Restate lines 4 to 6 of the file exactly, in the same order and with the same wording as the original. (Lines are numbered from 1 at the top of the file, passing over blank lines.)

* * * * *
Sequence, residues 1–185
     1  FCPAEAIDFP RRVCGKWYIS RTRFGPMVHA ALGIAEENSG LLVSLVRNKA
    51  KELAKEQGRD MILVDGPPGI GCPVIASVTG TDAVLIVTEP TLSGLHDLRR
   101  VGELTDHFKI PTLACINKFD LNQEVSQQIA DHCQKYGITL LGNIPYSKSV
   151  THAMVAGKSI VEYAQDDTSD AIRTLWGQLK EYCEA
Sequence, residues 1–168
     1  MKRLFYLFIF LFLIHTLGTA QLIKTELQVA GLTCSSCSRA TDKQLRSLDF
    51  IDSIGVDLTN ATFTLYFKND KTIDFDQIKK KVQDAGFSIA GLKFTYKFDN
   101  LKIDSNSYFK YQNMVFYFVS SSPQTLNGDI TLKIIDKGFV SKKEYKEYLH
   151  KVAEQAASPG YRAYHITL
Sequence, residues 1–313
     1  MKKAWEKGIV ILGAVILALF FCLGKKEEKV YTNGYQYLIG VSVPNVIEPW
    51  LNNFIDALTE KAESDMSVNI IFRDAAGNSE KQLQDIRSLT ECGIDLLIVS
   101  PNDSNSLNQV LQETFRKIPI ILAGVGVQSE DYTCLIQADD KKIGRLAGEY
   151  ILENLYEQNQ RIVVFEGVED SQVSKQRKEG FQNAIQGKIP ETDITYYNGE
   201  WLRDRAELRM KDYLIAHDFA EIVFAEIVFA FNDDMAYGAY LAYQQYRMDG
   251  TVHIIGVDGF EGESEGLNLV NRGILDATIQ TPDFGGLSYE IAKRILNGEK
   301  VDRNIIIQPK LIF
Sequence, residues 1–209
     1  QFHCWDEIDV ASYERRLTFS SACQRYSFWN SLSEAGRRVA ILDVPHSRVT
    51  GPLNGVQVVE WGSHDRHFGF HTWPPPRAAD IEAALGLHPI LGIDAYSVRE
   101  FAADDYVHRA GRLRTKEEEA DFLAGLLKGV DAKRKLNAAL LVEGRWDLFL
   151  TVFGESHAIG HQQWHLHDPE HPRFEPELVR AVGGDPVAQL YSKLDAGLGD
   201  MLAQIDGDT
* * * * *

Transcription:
   101  VGELTDHFKI PTLACINKFD LNQEVSQQIA DHCQKYGITL LGNIPYSKSV
   151  THAMVAGKSI VEYAQDDTSD AIRTLWGQLK EYCEA
Sequence, residues 1–168